|4lbs heavy for a frame?||Muddy|
Mar 13, 2001 8:23 PM
|I have a chance to pick up an inexpensive frame($150.00US). My only concern is if it might be too heavy to be competetive with down the road. I will begin racing cat 5 this spring. Any opinion will be appriciated.
|re: 4lbs heavy for a frame?||PatH|
Mar 14, 2001 4:51 AM
|Four lbs. can be a very respectable weight for a steel frame but there is a lot more to frame quality than weight. But $150? I don't know, seems pretty cheap for a race frame. Is it in good condition? What's it been through? Who makes it?|
|Some reference points and perspective||Dog|
Mar 18, 2001 3:32 PM
|The lightest frames are around 2.0 pounds now (not including fork - I don't know whether your number includes the fork). The lightest all carbon forks are around 3/4's of a pound. 4 pounds is respectable for a steel frame, but would be on the heavy side for anything else. A steel fork is likely about a pound and a half. So, that's in the ballpark.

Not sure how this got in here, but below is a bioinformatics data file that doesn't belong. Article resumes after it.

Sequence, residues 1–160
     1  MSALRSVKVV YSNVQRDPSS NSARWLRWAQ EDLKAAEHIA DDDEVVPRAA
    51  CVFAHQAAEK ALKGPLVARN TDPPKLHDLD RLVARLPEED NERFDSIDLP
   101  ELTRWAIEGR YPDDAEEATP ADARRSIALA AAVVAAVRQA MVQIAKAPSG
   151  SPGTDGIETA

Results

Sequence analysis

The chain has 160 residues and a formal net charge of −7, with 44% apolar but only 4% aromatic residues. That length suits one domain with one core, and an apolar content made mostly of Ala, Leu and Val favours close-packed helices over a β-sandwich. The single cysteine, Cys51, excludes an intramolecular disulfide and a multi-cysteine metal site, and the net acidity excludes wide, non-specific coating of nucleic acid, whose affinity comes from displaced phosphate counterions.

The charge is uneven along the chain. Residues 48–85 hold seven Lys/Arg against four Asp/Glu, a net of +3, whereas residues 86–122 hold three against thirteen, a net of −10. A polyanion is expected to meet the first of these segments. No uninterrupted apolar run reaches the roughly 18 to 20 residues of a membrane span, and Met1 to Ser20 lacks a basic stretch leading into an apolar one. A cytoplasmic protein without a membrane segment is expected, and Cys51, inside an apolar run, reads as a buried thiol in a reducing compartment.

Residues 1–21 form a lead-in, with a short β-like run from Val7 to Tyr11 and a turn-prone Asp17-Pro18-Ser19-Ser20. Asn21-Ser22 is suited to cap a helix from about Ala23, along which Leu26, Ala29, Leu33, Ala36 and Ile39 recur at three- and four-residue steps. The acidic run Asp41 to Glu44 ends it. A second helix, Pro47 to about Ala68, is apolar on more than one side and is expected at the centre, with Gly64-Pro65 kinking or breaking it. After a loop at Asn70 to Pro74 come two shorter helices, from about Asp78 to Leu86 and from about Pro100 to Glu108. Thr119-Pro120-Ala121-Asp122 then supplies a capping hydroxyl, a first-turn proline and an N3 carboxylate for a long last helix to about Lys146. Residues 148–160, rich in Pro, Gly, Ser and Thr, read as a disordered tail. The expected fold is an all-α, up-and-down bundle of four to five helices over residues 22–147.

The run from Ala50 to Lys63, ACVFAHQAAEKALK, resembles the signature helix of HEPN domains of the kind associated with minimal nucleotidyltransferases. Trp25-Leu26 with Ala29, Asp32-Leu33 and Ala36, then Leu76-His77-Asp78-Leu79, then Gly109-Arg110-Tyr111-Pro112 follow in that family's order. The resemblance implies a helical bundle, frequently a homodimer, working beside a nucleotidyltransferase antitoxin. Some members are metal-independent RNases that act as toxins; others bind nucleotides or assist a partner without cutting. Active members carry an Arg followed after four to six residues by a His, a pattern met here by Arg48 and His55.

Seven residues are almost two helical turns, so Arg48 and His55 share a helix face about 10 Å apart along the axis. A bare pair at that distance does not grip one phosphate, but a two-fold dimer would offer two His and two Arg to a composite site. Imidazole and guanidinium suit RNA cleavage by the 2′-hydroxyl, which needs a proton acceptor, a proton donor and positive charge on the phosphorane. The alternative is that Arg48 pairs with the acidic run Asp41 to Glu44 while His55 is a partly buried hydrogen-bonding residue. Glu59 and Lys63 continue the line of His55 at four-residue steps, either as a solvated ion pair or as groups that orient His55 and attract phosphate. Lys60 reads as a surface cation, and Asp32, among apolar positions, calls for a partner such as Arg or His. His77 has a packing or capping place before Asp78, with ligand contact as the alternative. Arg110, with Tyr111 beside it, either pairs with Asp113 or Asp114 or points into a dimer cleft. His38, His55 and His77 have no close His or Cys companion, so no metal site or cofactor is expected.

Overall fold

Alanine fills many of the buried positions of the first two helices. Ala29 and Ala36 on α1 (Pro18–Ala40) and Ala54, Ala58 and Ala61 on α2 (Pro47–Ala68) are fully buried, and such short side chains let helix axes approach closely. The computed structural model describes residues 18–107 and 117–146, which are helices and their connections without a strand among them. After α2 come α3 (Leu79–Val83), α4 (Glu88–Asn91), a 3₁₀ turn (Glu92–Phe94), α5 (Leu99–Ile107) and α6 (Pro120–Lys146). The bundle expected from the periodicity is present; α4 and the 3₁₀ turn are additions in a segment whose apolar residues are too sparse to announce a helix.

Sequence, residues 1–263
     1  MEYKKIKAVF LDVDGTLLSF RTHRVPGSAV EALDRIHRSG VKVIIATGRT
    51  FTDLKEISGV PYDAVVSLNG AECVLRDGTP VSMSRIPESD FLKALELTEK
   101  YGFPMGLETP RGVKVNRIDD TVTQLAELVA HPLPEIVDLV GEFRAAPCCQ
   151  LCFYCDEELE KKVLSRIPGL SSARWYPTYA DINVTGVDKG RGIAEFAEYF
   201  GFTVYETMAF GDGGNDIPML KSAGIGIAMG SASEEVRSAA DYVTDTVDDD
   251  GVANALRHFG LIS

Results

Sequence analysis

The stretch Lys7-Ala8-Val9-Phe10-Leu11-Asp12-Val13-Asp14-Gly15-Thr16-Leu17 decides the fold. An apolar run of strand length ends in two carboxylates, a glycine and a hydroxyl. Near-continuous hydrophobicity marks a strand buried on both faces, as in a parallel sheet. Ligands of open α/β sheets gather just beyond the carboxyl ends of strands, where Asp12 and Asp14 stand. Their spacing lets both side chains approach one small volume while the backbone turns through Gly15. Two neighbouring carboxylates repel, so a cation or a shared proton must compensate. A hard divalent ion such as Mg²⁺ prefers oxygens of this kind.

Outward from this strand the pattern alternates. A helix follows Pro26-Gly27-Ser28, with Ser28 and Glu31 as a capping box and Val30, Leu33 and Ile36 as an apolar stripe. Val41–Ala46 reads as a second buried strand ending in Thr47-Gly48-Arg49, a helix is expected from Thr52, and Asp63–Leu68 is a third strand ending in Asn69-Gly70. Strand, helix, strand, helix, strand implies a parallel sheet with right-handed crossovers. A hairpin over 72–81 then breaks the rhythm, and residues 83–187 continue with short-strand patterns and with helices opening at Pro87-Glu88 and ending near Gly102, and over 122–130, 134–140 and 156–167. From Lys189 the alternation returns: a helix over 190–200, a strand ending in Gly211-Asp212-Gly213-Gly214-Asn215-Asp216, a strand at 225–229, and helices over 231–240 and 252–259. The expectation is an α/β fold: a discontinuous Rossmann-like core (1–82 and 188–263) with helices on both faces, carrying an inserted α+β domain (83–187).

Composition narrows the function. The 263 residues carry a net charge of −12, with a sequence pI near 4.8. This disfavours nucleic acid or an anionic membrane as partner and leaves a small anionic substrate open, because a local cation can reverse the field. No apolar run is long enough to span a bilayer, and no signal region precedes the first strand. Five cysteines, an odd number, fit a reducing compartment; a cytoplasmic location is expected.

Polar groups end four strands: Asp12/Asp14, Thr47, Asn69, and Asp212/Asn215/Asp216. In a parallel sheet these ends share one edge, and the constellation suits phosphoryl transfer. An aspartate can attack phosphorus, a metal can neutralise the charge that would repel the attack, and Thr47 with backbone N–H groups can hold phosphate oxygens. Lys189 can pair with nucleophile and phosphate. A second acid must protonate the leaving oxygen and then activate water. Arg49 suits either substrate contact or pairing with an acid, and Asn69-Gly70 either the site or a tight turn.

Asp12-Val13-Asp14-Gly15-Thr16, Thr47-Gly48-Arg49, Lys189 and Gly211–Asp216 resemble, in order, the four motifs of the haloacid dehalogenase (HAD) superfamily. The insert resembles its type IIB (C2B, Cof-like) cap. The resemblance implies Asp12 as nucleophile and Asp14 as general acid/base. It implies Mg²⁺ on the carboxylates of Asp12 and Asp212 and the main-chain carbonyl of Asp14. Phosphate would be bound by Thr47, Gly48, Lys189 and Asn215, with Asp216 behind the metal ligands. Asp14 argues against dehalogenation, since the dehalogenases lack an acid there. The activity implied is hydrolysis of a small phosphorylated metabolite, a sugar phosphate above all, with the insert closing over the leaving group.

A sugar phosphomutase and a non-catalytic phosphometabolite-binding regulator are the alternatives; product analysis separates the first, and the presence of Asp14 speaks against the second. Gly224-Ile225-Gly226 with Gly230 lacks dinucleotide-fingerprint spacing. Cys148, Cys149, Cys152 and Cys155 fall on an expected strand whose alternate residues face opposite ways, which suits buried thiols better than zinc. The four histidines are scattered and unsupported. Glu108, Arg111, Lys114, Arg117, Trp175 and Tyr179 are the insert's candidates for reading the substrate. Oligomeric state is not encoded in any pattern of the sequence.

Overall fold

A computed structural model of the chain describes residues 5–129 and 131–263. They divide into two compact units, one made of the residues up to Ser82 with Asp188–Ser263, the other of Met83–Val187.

Now, some perspective. Even the difference between the lightest frame on the planet and a 4 pound frame will never win or lose a Cat 5 race. All else equal, it would hurt you slightly on very long climbs, assuming all the other parts are the same weight. But, that's not usually the case. Frequently, heavier frames get heavier components. But, if you get some light weight wheels to go on that frame, you'd be ahead of someone with a light frame and heavy wheels (wheels are far more important). Bottom line, though, is that the motor (and the motor's brain) is 99% of the racing equation. You will likely never lose solely because of a heavier frame. Plus, get it and start racing. See if you like it before becoming a hard core weight weenie.
If you want to see objective, precise information concernign the effects of changes in weight on performance, go here and play for a while: http://www.analyticcycling.com. Don't get too hung up on it, though.